The FINANCIAL — Data Analysis of Up to Four Years of Treatment Presented at ICAAC/IDSA 2008 Annual Meeting Schering-Plough Corporation (NYSE: SGP) on October 26 reported a data analysis showing that vicriviroc, its investigational CCR5 receptor antagonist, demonstrated sustained viral suppression and increased CD4 cell counts and was well tolerated through up to four years of therapy in treatment-experienced HIV-infected patients. Vicriviroc was administered once-daily as a single tablet in combination with an optimized antiretroviral regimen containing a ritonavir-boosted protease inhibitor. These results represent the longest treatment duration and clinical experience reported to date for a CCR5 receptor antagonist.
Vicriviroc, currently in Phase III development, is an extracellular inhibitor of HIV infection designed to prevent the virus from infecting the immune system's CD4 cells by blocking the CCR5 co-receptor. Approximately 50-60 percent of treatment-experienced patients have virus that uses the CCR5 co-receptor.(1)
Researchers presented the data at the joint Interscience Conference on Antimicrobial Agents and Chemotherapy (ICAAC) and Infectious Diseases Society of America (IDSA) annual meeting.(2)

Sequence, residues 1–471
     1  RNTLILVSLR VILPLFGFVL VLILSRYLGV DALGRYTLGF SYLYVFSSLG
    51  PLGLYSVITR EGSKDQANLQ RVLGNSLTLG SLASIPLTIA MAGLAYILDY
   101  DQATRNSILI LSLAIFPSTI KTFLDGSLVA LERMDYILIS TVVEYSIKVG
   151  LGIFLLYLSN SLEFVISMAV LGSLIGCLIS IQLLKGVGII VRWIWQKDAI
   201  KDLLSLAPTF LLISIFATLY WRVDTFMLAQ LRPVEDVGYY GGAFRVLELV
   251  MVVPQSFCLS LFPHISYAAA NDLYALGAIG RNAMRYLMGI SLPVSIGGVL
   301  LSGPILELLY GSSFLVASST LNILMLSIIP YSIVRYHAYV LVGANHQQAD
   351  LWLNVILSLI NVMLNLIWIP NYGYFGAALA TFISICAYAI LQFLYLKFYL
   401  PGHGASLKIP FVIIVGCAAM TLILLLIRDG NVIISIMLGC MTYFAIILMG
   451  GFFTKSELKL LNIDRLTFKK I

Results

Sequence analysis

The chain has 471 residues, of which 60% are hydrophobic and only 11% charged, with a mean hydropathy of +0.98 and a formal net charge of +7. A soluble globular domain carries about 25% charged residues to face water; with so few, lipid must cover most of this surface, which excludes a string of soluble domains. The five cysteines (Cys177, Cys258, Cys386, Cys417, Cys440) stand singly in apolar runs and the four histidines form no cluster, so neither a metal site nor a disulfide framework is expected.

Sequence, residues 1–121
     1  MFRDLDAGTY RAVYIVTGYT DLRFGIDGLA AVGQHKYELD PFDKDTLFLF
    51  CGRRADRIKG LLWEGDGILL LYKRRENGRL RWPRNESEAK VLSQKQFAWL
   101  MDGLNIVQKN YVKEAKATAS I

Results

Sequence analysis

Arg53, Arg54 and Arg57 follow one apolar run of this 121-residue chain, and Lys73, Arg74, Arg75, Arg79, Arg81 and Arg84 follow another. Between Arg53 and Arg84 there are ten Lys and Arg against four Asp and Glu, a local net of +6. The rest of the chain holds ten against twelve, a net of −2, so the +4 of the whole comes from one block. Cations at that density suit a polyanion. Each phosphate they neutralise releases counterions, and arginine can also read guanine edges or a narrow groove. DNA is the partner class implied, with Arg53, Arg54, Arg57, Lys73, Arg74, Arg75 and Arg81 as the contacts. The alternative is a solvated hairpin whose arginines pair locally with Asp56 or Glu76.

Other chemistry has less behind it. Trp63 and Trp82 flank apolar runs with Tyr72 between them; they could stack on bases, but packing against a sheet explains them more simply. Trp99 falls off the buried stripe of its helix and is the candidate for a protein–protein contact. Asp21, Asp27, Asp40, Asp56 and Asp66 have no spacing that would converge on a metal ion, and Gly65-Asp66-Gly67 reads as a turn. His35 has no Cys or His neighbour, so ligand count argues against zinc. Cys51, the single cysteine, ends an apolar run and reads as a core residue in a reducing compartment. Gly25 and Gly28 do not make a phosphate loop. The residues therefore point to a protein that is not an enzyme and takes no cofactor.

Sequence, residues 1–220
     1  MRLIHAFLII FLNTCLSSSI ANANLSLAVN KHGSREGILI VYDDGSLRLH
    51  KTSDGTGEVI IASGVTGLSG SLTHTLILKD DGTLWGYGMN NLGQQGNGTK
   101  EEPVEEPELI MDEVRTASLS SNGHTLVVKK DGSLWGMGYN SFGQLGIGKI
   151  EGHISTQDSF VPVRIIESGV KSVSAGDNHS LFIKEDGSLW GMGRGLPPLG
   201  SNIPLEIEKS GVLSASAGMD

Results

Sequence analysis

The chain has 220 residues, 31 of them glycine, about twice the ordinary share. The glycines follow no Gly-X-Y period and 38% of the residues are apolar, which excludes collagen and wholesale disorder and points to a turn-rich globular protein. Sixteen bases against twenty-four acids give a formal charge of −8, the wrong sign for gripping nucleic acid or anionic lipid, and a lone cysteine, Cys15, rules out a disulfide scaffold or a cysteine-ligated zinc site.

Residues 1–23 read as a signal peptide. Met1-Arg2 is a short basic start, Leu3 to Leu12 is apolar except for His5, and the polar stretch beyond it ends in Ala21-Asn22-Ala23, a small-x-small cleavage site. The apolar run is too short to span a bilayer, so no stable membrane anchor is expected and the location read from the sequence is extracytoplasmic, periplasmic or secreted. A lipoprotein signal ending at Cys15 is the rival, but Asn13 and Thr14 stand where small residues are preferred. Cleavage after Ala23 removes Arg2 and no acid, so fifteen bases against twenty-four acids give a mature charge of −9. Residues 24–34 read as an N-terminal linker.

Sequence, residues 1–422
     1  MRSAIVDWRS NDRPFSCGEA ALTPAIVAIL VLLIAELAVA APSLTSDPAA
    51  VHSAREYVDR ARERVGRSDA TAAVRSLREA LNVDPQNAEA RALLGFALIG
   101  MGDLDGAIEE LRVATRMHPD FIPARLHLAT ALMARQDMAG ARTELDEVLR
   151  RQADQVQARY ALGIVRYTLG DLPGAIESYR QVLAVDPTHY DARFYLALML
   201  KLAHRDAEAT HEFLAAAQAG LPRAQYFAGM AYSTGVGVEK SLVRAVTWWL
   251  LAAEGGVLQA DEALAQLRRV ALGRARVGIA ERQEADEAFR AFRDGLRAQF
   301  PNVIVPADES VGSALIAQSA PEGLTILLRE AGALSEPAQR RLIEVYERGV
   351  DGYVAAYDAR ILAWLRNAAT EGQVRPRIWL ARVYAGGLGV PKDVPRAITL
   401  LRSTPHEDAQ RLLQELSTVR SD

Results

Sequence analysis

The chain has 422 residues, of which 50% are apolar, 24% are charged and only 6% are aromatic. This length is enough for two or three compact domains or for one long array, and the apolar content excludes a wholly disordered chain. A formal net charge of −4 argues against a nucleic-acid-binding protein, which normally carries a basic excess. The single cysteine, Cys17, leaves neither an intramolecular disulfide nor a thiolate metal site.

The pooled data analysis involved 205 treatment-experienced HIV-infected patients from two vicriviroc Phase II studies who continued on vicriviroc at the completion of 48 weeks of treatment in an open-label extension for each study. Patients received vicriviroc for up to 216 weeks of total treatment duration as part of an optimized antiretroviral regimen.
This analysis showed that vicriviroc was well tolerated overall, with patients developing few complications of HIV disease. Adverse events observed were consistent with expectations for the treatment-experienced HIV-infected population. Importantly, the incidence of malignancy seen across the vicriviroc clinical program has not increased over time even as the cumulative exposure to vicriviroc has increased by numbers of patients and duration of treatment.
"These long-term results demonstrate that vicriviroc added to an optimized background therapy may provide durable viral suppression and sustained elevated CD4 counts in treatment-experienced HIV-infected patients," said Jihad Slim, M.D., division of infectious diseases, Saint Michael's Medical Center, Newark, N.J., and an investigator for the vicriviroc clinical program. "Importantly, vicriviroc was well tolerated, with some patients continuing on treatment for up to four years, and it was not associated with increased liver, CNS or cardiovascular adverse events or with an increased incidence of malignancy in this patient population."